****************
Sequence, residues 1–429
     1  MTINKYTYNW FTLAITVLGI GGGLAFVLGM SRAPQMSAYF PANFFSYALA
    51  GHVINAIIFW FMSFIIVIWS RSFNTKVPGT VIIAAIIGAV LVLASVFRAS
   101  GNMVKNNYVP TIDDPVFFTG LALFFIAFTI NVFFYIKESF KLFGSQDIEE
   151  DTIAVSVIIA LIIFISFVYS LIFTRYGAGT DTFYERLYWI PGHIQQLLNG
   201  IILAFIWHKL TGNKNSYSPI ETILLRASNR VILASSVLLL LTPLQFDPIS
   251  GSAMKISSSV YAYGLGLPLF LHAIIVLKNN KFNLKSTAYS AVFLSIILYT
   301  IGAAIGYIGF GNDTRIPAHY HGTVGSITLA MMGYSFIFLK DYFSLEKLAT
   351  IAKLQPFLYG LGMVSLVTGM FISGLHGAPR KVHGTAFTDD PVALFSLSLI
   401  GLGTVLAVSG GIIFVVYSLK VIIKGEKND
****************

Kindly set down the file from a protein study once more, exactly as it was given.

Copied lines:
Sequence, residues 1–429
     1  MTINKYTYNW FTLAITVLGI GGGLAFVLGM SRAPQMSAYF PANFFSYALA
    51  GHVINAIIFW FMSFIIVIWS RSFNTKVPGT VIIAAIIGAV LVLASVFRAS
   101  GNMVKNNYVP TIDDPVFFTG LALFFIAFTI NVFFYIKESF KLFGSQDIEE
   151  DTIAVSVIIA LIIFISFVYS LIFTRYGAGT DTFYERLYWI PGHIQQLLNG
   201  IILAFIWHKL TGNKNSYSPI ETILLRASNR VILASSVLLL LTPLQFDPIS
   251  GSAMKISSSV YAYGLGLPLF LHAIIVLKNN KFNLKSTAYS AVFLSIILYT
   301  IGAAIGYIGF GNDTRIPAHY HGTVGSITLA MMGYSFIFLK DYFSLEKLAT
   351  IAKLQPFLYG LGMVSLVTGM FISGLHGAPR KVHGTAFTDD PVALFSLSLI
   401  GLGTVLAVSG GIIFVVYSLK VIIKGEKND